The aviation fuel supply chain may be the primary supporting element in the aviation supply chain. Aviation fuel delivery uses competitive transportation methods to air – trucks and ships. Aviation fuel comes with issues. Aviation fuel cannot switch to alternatives and renewables. Aviation fuel is necessary to be able to use the products of supply chain production. But aviation fuel has its issues with location, production, storage, delivery, and cost. According to the Federal Energy Information agency, the number of American refineries has been cut over in half in the last three decades. Aviation fuel production is less than 10 percent of the total fuel industry. Aviation fuel production and supply must be steady, unlike automobile gasoline, for example. This need can be met by more careful planning for needed supplies, and by ordering supplies as early as possible. Use modern information systems to lock in supplies and, perhaps, prices. Remember always that plans are necessary at the start, but they never work out exactly as expected. American oil refineries, for example, are concentrated in areas which are also vulnerable to hurricanes. One does not have to debate climate change to know that some storms will occur. The trucking industry has had to double its average fuel deliver the mileage in the last decade. There is a shortage of truck drivers, one likely to continue. Truck driving is a hard job, with nowhere near the glamour as in the movies or music. Increased regulations on drivers add expense, to the independents or the companies that employ them. Aviation gas is considered a hazardous material, requiring specialized training and equipment. The idea is to move resources, raw materials or finished products, from point to point. Those in the field have long recognized that proper management of the process starts with knowing where the items are during the particular parts of the process. Location awareness is only adequate planning, detecting small variations and problems before they become large programs. The right plan becomes particularly important with "just in time" delivery of raw materials and finished components. The question is how to do more than have transporters check in from time to time. Supply chain firms want to be in touch with their supplies all the time.Satellite communications provide part of the answer; a way to keep in touch with logistical shipments, quickly making corrections if and when needed. Less expensive systems than satellites alone have been developed, relying both on satellites and cell towers. Alstom is a France-based manufacturer of rail cars and other items for urban transit. According to their website (http://www.alstom.com/usa/) one-quarter of all metropolitan rails, cars produced by the company, including vehicles for the Amtrak Acela trains in the northeast United States. The company uses a “broadband-trunking” system made by Huawei (http://e.huawei.com/en/solutions/business-needs/wireless-private-network/broadband-trunking). A multi-media system utilizing wireless cellular can be useful in areas where conveniently available. Satellites can provide communication and monitoring where cell towers are not available, such as at seam and can ease problems such as roaming charges. Natural disasters will not knock out satellites. Use of both technologies provides increased flexibility and better overall coverage, and better supply chain management.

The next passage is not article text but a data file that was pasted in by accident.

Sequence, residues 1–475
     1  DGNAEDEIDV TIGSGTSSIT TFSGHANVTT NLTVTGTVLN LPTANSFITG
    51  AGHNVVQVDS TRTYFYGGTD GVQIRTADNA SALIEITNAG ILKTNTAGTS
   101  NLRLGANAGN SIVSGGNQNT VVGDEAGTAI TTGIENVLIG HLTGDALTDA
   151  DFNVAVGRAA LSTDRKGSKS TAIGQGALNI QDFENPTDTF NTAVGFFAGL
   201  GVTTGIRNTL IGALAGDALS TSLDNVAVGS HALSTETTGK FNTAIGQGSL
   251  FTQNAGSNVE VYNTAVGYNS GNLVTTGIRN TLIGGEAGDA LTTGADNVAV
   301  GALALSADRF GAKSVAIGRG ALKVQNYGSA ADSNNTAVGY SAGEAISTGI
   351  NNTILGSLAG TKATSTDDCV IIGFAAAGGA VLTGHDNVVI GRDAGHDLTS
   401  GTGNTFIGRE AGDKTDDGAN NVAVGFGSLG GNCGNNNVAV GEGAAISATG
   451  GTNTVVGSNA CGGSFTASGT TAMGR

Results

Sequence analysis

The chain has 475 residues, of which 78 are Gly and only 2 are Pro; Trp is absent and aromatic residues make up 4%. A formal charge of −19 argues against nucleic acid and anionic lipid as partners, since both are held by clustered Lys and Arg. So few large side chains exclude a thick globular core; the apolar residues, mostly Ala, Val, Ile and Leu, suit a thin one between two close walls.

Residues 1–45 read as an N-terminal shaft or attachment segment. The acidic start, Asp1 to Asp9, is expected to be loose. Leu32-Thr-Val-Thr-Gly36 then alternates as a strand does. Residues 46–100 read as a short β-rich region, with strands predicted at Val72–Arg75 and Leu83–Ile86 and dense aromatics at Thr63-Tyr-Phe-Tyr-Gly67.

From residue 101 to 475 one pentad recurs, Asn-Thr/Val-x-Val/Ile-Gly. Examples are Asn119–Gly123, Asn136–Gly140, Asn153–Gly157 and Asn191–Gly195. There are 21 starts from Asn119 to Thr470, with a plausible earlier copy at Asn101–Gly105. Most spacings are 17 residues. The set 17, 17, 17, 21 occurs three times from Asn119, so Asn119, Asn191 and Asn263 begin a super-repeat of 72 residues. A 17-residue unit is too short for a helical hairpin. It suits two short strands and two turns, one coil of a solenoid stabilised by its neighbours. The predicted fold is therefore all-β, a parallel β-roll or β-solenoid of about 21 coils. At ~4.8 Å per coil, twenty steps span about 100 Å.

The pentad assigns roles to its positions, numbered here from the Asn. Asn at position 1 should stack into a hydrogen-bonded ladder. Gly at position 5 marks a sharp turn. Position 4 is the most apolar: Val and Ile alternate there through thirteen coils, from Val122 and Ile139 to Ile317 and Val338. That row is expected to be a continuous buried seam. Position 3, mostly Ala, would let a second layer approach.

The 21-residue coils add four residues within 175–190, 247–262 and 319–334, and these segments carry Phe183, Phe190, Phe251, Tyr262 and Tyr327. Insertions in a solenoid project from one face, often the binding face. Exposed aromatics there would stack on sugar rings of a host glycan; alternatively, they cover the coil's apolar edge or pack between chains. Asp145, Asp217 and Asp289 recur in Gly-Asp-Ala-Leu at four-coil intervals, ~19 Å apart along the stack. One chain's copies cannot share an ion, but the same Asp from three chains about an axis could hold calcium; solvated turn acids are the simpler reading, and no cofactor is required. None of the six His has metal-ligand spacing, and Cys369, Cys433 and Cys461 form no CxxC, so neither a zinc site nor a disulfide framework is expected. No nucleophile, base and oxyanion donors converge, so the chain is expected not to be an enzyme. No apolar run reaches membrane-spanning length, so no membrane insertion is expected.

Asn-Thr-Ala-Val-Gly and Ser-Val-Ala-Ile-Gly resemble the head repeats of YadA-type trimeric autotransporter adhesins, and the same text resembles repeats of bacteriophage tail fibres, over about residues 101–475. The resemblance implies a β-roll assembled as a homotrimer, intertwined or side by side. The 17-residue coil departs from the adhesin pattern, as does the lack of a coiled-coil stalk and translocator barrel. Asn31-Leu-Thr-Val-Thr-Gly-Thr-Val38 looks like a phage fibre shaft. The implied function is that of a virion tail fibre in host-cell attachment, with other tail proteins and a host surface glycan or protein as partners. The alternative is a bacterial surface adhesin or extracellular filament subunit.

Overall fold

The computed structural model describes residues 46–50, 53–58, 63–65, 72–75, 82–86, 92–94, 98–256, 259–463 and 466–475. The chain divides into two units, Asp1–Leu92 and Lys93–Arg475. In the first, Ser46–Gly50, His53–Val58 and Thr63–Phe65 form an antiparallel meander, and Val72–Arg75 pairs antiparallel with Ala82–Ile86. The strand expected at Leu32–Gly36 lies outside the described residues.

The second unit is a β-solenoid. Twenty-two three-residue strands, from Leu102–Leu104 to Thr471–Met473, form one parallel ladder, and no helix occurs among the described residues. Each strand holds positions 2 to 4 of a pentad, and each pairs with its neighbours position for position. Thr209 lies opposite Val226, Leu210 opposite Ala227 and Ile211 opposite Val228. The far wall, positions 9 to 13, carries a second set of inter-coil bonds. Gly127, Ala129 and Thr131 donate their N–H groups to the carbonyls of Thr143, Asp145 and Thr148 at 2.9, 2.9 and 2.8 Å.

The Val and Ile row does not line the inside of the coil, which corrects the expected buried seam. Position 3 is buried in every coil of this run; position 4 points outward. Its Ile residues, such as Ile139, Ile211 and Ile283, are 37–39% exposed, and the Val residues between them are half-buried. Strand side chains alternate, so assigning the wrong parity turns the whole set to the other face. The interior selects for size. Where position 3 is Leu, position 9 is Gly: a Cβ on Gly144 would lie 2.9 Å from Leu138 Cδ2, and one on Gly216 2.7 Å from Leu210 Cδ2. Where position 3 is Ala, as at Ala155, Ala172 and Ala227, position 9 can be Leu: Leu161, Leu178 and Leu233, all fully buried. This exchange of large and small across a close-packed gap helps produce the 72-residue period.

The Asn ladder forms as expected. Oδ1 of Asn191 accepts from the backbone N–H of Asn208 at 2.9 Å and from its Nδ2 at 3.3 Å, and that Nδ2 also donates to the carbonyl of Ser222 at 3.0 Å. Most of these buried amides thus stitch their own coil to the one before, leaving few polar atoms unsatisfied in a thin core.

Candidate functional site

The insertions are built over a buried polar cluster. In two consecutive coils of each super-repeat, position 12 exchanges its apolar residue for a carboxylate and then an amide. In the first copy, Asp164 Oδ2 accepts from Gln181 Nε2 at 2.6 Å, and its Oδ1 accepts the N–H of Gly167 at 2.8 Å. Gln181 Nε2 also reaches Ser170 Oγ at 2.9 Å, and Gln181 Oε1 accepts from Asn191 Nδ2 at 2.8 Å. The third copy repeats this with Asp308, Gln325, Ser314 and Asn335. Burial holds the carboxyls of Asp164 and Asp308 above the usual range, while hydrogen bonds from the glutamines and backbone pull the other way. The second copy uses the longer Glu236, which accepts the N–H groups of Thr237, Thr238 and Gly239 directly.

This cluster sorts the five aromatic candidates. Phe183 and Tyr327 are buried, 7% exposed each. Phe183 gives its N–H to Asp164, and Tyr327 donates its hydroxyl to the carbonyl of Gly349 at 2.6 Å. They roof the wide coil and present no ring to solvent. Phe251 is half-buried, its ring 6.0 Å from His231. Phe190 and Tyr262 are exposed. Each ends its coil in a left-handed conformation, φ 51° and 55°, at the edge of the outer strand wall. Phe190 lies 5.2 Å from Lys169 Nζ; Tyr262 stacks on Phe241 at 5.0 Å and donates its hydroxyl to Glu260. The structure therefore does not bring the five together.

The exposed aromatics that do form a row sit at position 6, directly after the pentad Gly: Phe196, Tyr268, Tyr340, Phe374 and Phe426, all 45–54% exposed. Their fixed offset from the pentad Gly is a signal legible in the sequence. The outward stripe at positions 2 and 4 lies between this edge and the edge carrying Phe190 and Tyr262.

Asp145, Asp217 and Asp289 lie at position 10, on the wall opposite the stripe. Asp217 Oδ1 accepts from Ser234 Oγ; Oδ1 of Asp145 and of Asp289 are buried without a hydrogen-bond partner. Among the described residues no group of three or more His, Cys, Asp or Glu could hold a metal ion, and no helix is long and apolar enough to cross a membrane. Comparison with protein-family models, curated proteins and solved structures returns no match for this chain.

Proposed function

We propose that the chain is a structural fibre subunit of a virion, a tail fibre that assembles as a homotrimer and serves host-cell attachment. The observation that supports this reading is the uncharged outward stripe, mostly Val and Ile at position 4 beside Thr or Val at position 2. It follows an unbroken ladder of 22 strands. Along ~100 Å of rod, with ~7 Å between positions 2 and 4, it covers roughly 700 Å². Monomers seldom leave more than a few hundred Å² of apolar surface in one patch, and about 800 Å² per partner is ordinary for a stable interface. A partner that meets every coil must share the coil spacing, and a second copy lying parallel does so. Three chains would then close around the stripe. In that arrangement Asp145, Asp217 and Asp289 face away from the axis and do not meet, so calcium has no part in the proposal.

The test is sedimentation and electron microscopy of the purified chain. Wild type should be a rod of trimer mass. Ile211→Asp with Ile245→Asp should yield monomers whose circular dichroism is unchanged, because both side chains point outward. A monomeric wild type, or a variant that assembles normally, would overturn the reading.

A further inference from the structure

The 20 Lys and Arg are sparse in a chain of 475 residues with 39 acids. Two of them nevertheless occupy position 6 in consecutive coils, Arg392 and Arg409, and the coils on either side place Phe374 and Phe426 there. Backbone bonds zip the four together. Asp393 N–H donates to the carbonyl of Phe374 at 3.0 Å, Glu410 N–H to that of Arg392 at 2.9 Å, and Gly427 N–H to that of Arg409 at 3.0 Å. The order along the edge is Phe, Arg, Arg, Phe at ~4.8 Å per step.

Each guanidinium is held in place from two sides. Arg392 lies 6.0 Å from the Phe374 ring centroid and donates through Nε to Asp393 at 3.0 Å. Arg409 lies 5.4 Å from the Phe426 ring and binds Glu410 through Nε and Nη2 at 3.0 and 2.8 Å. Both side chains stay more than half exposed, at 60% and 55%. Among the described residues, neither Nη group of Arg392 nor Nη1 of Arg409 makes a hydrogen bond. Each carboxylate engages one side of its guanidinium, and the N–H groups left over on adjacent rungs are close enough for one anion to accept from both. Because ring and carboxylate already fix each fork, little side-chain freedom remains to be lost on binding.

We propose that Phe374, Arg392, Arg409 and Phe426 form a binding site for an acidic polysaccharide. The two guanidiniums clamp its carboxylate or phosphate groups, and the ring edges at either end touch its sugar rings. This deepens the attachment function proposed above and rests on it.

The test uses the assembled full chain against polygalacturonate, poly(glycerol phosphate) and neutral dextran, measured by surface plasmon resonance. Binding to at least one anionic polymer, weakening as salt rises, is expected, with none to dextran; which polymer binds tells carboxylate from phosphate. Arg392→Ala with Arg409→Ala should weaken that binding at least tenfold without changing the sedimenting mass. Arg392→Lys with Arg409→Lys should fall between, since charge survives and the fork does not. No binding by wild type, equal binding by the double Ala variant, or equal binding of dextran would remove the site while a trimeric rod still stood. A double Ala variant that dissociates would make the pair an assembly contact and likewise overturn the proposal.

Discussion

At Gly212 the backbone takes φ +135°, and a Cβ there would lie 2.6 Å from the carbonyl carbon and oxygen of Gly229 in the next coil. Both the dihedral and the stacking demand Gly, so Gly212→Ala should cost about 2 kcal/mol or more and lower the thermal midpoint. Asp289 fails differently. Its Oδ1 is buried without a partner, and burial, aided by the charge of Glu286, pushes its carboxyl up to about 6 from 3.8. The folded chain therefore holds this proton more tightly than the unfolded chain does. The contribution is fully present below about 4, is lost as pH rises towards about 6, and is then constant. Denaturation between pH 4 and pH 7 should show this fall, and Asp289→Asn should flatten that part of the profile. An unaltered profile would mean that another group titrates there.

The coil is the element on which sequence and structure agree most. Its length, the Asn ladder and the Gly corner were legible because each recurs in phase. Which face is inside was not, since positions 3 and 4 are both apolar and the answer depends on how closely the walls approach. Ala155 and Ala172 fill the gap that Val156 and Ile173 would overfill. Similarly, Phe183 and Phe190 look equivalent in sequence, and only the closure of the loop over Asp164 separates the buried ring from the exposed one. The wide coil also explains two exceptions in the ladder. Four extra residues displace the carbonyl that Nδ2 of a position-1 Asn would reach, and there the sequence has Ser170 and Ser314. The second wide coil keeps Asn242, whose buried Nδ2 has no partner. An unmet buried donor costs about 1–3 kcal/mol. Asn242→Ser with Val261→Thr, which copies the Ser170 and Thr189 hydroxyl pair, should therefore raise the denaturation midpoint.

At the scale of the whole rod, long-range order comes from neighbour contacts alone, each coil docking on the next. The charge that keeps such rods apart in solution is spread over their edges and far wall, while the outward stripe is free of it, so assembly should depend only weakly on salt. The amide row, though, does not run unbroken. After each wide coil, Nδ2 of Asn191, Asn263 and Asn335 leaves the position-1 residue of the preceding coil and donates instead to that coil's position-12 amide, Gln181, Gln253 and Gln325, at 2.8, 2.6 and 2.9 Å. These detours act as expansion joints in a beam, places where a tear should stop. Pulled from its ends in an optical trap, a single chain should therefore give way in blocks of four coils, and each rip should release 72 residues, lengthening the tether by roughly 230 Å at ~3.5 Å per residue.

Military Supply Chain